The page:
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Parshas Nasso - Filling Up the Tank                   11 Sivan 5782

06/10/2022 08:07:18 AM


James Patterson’s popular collection of books filled with enduring fictional characters has made him one of the world’s bestselling authors. In addition to his many stand-alone thrillers, non-fiction, and romance novels, he is also famous for several quotes and proverbs. One such quote that I read off a tea bag (that was attributed to – ”Unknown”) that grabbed my attention is: “Don’t depend on others to give you strength…. Find it within yourself.”

When I initially read this, I thought this was a beautiful concept for Judaism in general. I know that people need inspiration and motivation from others, but I always felt that being self-motivated, searching for and finding our own answers to life’s challenges, will last longer over time. When a person works on him/herself to find appropriate ways to succeed, the success rate is far better than receiving it elsewhere. The name of this week’s Parsha is Nasso, a word which has multiple meanings in addition to the meaning within the context of the parsha – ‘to lift’.  Every one of us needs ‘to lift’ ourselves up, to carry our own existence. This really defines Patterson’s proverb and shows a consistency within the Torah. As we are all aware, there is always an alternative or even opposite understanding of every segment of the Torah. The following is not necessarily opposite but perhaps a complimentary approach to whether strength should come from within or from someone else.

The Torah in this week’s Parshas Nasso states in Bamidbar 6:23 "דבר אל אהרן ואל בניו לאמר כה תברכו את בני ישראל, אמור להם"  “Hashem spoke to Moshe thus saying: ‘Speak to Aharon and his sons, thus shall you bless the people of Israel. Say to them’ ”. This is the introduction to what we refer to as the Birkas Kohanim, the priestly blessings. The Birkas Kohanim are recited by Sephardic Jews everyday of the year in Israel and abroad, while Ashkenazim have the Kohanim recite the brachos every day in Eretz Yisrael, but outside of Israel, it is recited only on the yomim tovim. The decision not to have Birkas Kohanim in the diaspora, with the exception of the Yom Tovim, is that the Kohanim need to be B’Simcha - with joy - in order to bless. Living in the diaspora there are always worries and concerns; only through the joy of a Yom Tov would the Kohein reach the level of joy necessary to give the brachos.

Reb Shlomo Lunchitz, in his classic commentary Kli Yakar, focuses on the last two words ‘Amor Lahem’ - say to them - and explains the significance of these words. He quotes the Sifri 6 143 that says: “… from here we learn the Chazan calls out each word to the kohanim, the text of the blessings.” The traditional reason for this is the kohanim need help to ensure they say the proper words. But on a deeper level, it is the Chazzan who is the channel which first ‘pulls the blessing through the pipes’, so to speak, from the source of blessing. The blessing is poured onto the heads of the Kohanim, instilling them with the power to bless. At first the Chazzan says to the Kohein that Hashem will bless the Kohanim to make them a solid vessel full and instilled with Hashem’s blessing. Afterwards, the Kohanim pour out the blessing from their full essence to the empty vessels of the people. But if the Kohein was not blessed first, then it would be pouring from one empty vessel to another.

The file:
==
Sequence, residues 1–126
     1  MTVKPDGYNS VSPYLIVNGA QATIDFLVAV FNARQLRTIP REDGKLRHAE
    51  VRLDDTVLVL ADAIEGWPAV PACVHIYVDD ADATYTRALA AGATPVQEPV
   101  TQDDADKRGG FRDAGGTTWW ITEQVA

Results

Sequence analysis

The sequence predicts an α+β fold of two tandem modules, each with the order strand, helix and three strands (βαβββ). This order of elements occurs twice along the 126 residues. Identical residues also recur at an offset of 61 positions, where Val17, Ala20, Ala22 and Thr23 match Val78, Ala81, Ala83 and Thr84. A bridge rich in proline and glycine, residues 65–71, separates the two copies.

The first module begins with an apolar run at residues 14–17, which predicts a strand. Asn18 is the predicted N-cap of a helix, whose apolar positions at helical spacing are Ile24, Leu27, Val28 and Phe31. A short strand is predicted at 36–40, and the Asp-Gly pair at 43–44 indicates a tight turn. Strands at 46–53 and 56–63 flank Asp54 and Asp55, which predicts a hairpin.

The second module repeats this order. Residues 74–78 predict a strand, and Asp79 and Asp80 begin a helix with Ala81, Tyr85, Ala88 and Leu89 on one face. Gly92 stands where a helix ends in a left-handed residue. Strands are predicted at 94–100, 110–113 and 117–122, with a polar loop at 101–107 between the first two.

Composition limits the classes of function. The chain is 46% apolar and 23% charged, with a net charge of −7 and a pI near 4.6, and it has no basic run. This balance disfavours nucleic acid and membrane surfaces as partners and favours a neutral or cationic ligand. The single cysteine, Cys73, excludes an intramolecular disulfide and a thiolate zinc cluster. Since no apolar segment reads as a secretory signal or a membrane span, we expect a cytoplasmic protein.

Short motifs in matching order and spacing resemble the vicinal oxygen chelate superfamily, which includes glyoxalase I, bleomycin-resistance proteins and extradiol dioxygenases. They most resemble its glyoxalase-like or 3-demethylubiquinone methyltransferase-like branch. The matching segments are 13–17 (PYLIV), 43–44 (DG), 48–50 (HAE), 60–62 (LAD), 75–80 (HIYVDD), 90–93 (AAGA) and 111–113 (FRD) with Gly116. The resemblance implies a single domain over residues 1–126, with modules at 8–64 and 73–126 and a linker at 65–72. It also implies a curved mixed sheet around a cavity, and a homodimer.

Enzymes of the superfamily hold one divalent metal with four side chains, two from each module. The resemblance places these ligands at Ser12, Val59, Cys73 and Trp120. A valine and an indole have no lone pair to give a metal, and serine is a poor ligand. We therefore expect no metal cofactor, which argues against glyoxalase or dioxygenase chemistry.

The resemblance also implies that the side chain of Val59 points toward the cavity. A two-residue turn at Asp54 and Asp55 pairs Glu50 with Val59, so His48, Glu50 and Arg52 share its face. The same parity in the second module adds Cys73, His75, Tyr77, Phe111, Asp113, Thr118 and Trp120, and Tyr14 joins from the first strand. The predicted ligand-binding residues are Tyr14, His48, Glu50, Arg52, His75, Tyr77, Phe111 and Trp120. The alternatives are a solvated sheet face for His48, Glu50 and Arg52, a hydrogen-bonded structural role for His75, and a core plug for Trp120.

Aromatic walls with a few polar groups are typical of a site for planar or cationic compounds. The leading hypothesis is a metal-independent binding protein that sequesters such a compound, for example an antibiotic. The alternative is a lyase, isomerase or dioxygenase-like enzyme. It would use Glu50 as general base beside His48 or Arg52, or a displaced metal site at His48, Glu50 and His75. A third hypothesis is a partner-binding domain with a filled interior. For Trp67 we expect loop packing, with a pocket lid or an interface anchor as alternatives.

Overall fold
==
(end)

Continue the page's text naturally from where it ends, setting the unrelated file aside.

With this explanation we can better understand what it says in Bereishis 12:3: "ואברכה מברכיך, ומקללך אאר"     “I will bless those who bless you, and the one who curses you, I will curse”. It should have said I will curse those who curse you, just as stated in the bracha. Rather, Hashem indicates that the Kohein who blesses the people will himself first be blessed by Hashem. This is necessary in order to give the power and essence of the blessing to the Kohein so as to relay the blessing to the Jewish people. But in the case of the curse, it is only after the fact when someone has cursed you will Hashem then curse that person in retribution. Hashem does not give the ability of giving a curse so that they should have what it takes to curse someone else, only through the blessing does that work. Therefore, the Gemara in Chullin 49a states that the Chazzan first dictates to the Kohein; only then can the Kohein bless the people.

From this we can determine that receiving strength from others is not necessarily a bad thing. We should, of course, always try to muster up strength within ourselves.  Nevertheless, when it comes to spiritually infusing someone with a blessing from Hashem, we first need Hashem to bless the giver so that the giver is able to appropriately bless the receiver.  Today all of us need strength, wisdom, and blessing. Chaza”l teach us that we should not take a blessing lightly - even if it comes from an Am HaAretz. I therefore want to give a Bracha of strength, encouragement, heavenly assistance, wisdom and fortitude to our holy congregation and community. May we all be zocheh to merit all of the Birkas Kohanim, hearing the blessing directly from them at the third Beis HaMikdash, speedily built in our days. Amen!       

Ah Gutten Shabbos

Rabbi Avraham Bogopulsky

P.S. The length of this week’s message reflects the shortened week after the Yom Tov of Shavuos. 

Mon, December 11 2023 28 Kislev 5784